"Like those albums, we wanted ours to feel warm and intimate. But we put our own stamp on it, so it's definitely She & Him. It feels like sitting in a living room on Christmas Day listening to carols by the fire."
Talking of carols, most modern Christmas albums don't feature religious messages at all. The secularisation of Christmas is a topic for another day, but what is Gruff Rhys, frontman of Super Furry Animals, trying to say with his Atheist Xmas EP?
"It's a consumer festival now, based on mass-consumption," he begins. "I don't think it's become atheist completely. My grandmother was Christian and didn't celebrate Christmas in the modern, more American way, so I have that background. I do love Christmas. It's great for drinking and general enjoyment. Fun, fun, fun, really. So the music should reflect that."
Like Deschanel, Rhys loves Phil Spector's seminal seasonal album, which features the likes of The Ronettes, Darlene Love and The Crystals backed by Spector's famous Wall Of Sound production.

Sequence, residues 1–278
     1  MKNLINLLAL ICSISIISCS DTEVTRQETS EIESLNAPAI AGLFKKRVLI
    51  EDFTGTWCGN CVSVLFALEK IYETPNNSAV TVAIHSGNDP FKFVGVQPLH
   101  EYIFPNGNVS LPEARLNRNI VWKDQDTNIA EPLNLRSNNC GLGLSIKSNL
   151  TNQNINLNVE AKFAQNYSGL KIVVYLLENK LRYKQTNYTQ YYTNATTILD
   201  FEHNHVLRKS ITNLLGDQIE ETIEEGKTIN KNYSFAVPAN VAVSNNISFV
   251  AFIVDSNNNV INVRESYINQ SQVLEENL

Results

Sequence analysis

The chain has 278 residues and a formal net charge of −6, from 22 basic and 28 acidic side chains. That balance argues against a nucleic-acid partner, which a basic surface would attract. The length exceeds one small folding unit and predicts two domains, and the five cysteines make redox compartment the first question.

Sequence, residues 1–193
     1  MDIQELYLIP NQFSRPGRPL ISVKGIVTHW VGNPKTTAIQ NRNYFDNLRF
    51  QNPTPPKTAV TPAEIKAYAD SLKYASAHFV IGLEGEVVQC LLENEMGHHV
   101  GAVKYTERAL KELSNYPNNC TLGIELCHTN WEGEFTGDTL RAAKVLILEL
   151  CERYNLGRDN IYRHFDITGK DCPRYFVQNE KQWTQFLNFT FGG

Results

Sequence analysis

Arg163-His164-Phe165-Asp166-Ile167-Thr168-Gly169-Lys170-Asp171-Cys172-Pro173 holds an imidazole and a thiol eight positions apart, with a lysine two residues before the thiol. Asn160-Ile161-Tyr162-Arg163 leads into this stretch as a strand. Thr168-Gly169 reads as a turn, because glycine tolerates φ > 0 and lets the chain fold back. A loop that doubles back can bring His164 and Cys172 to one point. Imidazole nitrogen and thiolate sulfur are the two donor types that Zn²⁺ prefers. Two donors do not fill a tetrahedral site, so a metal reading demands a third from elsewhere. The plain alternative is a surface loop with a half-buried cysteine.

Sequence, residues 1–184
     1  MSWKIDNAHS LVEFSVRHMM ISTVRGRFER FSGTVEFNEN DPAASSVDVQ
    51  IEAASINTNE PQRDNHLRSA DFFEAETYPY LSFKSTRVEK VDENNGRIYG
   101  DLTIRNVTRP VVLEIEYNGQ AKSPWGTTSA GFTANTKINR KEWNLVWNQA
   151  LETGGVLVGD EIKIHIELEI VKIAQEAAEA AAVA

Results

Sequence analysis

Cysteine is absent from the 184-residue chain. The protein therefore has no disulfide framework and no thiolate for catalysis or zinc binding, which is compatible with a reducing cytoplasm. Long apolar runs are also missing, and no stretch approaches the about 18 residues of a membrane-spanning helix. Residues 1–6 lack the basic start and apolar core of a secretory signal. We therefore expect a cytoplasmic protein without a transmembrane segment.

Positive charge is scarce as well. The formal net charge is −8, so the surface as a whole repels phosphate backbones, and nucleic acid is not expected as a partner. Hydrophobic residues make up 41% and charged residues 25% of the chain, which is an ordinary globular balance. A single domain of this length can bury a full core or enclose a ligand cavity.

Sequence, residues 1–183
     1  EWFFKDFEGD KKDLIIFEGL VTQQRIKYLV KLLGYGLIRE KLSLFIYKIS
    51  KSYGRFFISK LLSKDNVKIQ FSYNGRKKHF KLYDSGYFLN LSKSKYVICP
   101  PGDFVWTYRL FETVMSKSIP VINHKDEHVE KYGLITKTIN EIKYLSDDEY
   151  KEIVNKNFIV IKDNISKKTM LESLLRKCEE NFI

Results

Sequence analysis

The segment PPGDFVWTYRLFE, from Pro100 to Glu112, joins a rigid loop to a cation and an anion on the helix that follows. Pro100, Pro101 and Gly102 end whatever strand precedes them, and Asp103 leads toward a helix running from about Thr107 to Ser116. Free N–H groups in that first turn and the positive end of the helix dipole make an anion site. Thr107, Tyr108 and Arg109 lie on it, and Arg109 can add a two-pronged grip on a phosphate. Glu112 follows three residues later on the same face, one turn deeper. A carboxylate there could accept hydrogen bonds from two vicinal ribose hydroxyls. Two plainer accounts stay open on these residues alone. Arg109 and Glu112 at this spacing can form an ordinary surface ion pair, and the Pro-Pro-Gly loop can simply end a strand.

One song on that album, Marshmallow World, has been covered by Emmy The Great And Tim Wheeler, frontman of Northern Irish indie-rockers Ash, on their record This Is Christmas.
"We wanted to call ourselves Sleigher," says folk star Emmy, punning on the name of metal band Slayer.
The duo, who are also a couple, were snowed in last Christmas, and decided to spend their time writing a couple of songs. The rest of the album was recorded in May and August, which freaked the pair out.